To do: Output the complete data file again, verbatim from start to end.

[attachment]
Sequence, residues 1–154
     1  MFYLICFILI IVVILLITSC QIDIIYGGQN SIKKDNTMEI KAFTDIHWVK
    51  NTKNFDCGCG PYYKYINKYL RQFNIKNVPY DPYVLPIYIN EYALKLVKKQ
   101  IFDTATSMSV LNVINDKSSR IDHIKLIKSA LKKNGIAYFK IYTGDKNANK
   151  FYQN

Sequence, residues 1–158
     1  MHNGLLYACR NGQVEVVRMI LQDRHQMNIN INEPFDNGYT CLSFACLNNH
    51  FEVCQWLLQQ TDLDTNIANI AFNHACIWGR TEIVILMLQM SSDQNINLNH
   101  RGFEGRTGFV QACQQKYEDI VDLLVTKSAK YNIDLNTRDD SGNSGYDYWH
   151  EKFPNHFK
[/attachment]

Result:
Sequence, residues 1–154
     1  MFYLICFILI IVVILLITSC QIDIIYGGQN SIKKDNTMEI KAFTDIHWVK
    51  NTKNFDCGCG PYYKYINKYL RQFNIKNVPY DPYVLPIYIN EYALKLVKKQ
   101  IFDTATSMSV LNVINDKSSR IDHIKLIKSA LKKNGIAYFK IYTGDKNANK
   151  FYQN

Sequence, residues 1–158
     1  MHNGLLYACR NGQVEVVRMI LQDRHQMNIN INEPFDNGYT CLSFACLNNH
    51  FEVCQWLLQQ TDLDTNIANI AFNHACIWGR TEIVILMLQM SSDQNINLNH
   101  RGFEGRTGFV QACQQKYEDI VDLLVTKSAK YNIDLNTRDD SGNSGYDYWH
   151  EKFPNHFK